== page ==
It’s Not The Journey, It’s The Destination. Even If The Journey Is In First Class.


There were no Google Image results for “Happy Person on an Airplane,” so here’s “flying first class.”

I’ve taken a lot of flights in my life, but I’ve only flown first class twice. Once was when I was nine and my mom’s company paid for it. The other time came as a result of a lucky grab of the last seat in the last flight from Europe to the US after the bureaucratic nightmare that was being stuck Spain following a massive snowstorm four days before Christmas. Believe me—it’s an equally scintillating and frustrating tale of desperation as I was shuffled around from county to country, having to speak gradually weirder languages, and living in two different airports. But that is a story for another time, suffice it to say that, according to my passport, I’ve been in Spain since 2010.

But, getting back to the point, the uniting factor between the two times I flew first class was that it was a way to get from point A to point B. I wasn’t specifically paying extra for it, the extras just happened to be there. I mean, I got all the ice cream my nine-year-old heart could desire. (By the time I was 20, my tastes were somewhat refined, and I got all the Icelandic cookies and G+Ts that I wanted.) But, really, the first time I flew  first class, I didn’t know the difference and it was just another flight. And the second time, I wouldn’t have known the difference between a first class seat, a coach seat, or a kayak, as long as it was pointed towards America.

But, I am now a college graduate—a real person, if you will. One of these days, I’ll get a job and a salary. I mean, that’s what people do with English degrees, right? And once I get a job and one or two of those promotion things, I might try taking a first class flight on purpose. But, let’s face it, it’s still spending a whole day with TSA, SkyMall, and 200 of your closest friends in a pressurized cabin 7 miles above the ground. Plus there’s no twitter—and that tends to give me anxiety. And while in first class you’re well-lubricated with fancy drinks, your goal is still to get to where you’re going as quickly as possible.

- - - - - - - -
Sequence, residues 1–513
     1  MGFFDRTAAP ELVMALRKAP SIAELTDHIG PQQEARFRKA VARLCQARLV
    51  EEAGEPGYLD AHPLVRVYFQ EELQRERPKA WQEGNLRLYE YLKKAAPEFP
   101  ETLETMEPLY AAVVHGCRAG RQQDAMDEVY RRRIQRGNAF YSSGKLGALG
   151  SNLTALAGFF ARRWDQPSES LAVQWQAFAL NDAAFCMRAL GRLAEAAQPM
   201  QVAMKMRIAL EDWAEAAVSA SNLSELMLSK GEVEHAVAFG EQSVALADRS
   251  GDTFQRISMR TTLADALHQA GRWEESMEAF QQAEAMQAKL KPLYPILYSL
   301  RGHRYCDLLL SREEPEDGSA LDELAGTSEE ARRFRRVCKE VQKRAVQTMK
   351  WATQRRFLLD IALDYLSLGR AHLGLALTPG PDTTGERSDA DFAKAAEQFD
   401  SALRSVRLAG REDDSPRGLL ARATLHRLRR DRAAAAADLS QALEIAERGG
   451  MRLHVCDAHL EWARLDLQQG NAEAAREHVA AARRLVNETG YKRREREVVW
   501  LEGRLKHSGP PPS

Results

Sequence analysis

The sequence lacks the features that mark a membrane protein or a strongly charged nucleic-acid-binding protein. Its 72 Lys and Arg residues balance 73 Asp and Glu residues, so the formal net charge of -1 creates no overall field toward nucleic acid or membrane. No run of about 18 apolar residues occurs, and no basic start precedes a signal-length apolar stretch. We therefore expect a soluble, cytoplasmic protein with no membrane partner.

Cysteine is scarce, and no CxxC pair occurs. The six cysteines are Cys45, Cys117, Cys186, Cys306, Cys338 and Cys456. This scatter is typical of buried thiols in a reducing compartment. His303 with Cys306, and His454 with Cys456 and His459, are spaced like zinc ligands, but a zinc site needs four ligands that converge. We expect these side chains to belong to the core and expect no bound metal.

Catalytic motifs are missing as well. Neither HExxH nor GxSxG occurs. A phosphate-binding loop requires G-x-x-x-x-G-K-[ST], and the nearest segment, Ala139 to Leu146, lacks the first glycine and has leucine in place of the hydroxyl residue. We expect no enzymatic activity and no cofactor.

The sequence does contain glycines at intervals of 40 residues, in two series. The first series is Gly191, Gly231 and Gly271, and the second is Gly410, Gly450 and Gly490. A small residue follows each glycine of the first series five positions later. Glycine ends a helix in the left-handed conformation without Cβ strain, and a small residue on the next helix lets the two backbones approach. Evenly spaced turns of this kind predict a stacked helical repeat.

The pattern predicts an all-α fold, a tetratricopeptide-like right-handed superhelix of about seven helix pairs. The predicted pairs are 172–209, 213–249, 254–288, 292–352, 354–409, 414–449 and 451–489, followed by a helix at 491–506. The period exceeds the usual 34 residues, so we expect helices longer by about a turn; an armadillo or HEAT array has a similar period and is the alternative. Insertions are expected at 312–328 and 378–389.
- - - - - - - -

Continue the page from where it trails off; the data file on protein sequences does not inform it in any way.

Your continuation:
Now, last week, I flew to California. I was waiting to hear back from a job I really wanted.  And I knew that if I got the job, it would be my last opportunity for a while to go across the country on fairly short notice. And if I didn’t get the job, at least I had done something to not go spare waiting around for a week. That and I really wanted to check out some west coast lifeguards. Like really badly.


                       Do you blame me?

But, sitting in Logan airport at 6 AM, awaiting my middle seat in coach and the bag of rocks that United was probably hoping to hit me with, they started boarding. There were two lines from the terminal to the jetway, divided by a stanchion. Now this makes sense, because boarding takes a long time and there were two gate agents. So scanning two people’s tickets at once would really speed up the process.

But would you really expect something that makes so much sense from an airline?

Nope. On one of these two lines, they had thrown down a red rug (I hesitate to say “carpet,” as those typically aren’t ragged and muddy). That was the first class line. They got to board first, through the “priority” line. Once they were boarded, it became one of the gate agents’ jobs to literally stand in front of the priority lane so that none of us plebians from coach could walk through it. But then, after getting on the plane through my un-red-carpeted lane, I still had to wait well past the scheduled departure time for the rest of the people to get on.

Now, I’m in business. And I’ve worked many years in customer service. I understand special treatment very well. I’m not offended in the least that my ticket cost significantly less than theirs did so I get a cramped seat and no peanuts. But here’s the thing. The reason all of us were on this plane was to sit down for four hours. And while unlimited ice cream (read: alcohol) is a nice perk, an even nicer one would be, I don’t know, arriving at our destination on time.

Maybe there are people who feel the value of their ticket increases because they get to walk on a red “carpet.” But in my very plane experience, first class or otherwise, the destination is far more important than the flight. And I’m not sure airlines understand that their job is to get you there, and the best customer service they can provide is to get you there on time.


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